Will they really?

''There will always be people not wanting to see change, but I think it's time this city realises that if it wants to grow, there has to be some change to attract people looking for a certain lifestyle.''

Cr Wilson's comment sounds an awful lot like Mr Farry's build it and they will come. And we all know how well that worked, don't we..

 

Cycleways will be great

I think the cycleways will be great, and the network needs completion. Half a network is not very useful.

Still a good amount to spend, fortunately. Mainly NZTA funds.

Good to see the progress. I hope that the funds will stretch. Perhaps some of the new paths are a little overbuilt, wider than needed?

 

 

Cycleways in Dunedin

We now have a lot of cycleways, but where are the cyclists? They are almost non-existent, so why spend so much money?

Why won't it be used?

1. Most of Dunedin is hilly. It makes bicycle use less attractive.

2. Despite the best attempts of the Council it is still possible to obtain reasonable parking in the city.

3. The weather in Dunedin is not generally conducive to transport use that involves being in the wind, cold and rain.

4. Bicycles offer riders no protection in a collision with another vehicle (be it a car or bike) or on meeting the road at speed.

Mind you, because the laws of the road don't apply to cyclists - or so riders and the police think - and because they are a noisy minority,and because they do not have to pay for the huge costs involved in providing facilities to them, it may  make bike travel enticing to some.

Why wouldn't people use the cycle way?

People sure are down on the idea of a safe route for cycling. It would be good to know how many residents in Dunedin might potentially use it. Do we have this data? Perhaps some people are privy to secret squirrel information the rest of us don't have as they seem convinced no one will use it.

Why wouldn't people cycle if it is safe, flat and good exercise, saves money, the environment, the planet and our souls? Too much effort perhaps - what hope have humankind got in that case? Aw go on give it a go, you know you can do it!

Money? Who cares.

Go on. Spend up big. The financial benefits to Dunedin from a scarcely used cycleway will be huge. Well worth the expenditure.

Tourism? Economic development? Who needs it.

Go Council!

Colourful lines on maps

Now the Council are realising that hastily drawing pretty lines on maps to access NZTA funding, doesn't transform Dunedin into a green cycle commuting Nirvana, perhaps they could also publicise the full long term cycle network plan. Residents of the hill suburbs will not be immune from the lunacy being forced on South Dunedin rstepayers. I suggest people look carefully at the proposed cycle network detailed sub routes on the DCC website. See what lovely coloured lines the council planning employees have been drawing on Kaikorai Valley Road, Kenmure Road and Highgate for example and be afraid. Be very afraid!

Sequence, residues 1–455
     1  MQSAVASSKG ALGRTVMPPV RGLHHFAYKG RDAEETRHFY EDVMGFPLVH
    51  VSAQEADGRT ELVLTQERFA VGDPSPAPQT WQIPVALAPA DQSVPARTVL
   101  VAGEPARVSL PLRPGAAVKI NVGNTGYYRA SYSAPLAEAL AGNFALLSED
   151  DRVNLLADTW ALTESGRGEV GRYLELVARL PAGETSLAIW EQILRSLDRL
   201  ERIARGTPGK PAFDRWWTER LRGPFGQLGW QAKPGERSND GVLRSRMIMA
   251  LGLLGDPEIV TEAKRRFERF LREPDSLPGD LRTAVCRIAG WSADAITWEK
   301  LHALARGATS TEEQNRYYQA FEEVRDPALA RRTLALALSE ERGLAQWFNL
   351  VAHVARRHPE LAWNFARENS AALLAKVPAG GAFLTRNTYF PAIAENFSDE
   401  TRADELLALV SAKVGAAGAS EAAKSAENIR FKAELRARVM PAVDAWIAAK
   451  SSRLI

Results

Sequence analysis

But worth the investment long term

NZ study suggests up to 20 times return on the dollar for cycle friendly transport policy - >>Link<<

 

Here's what to do

Cancel it.

Cancel the whole thing. It's a frivilous waste to pander to a minority being driven by a select few individuals at the expense of  the Dunedin ratepayer. Almost nobody is using the stupid things, there is traffic chaos around the new and poorly thought out road alignments and now we're being told that there is a budget overspend. It's pretty obvious that the whole process has been poorly conceptualised, planned and is now being poorly financially managed. 

Maybe all council staff should be relegated to cycling to see how well suited it is to Dunedin commuters. 

It's time to take this back to a public consultation with all information (plans, budgets and known issues) made readily available to all instead of being pushed through dishonestly. The plan is a shameful agenda driven waste of public funds with zero benefit to the cities growth and they know it. [Abridged]

'Something no one wants to use'

It's scary to hear this finally said by Kate Wilson. 

You would expect due diligence would have been done to establish useage before the town is ripped up to create unsafe facilities that only a few people might use. Meanwhile the majority of residents are now realising just how silly these plans often are and how poor the DCC's consultation and planning is. 

Good on the ODT for getting to the bottom of this. Without your coverage we would all be in the dark. 

 

Hire a consultant

Once again, contractors and consultants can see the DCC coming from a mile away. The naive are about to get fleeced again.

Dunedin is not by a long shot the first city to build a cycleway network. There are many examples, some of which have even been visited by Councillors themselves!

The magnificent word "boondoggle" applies.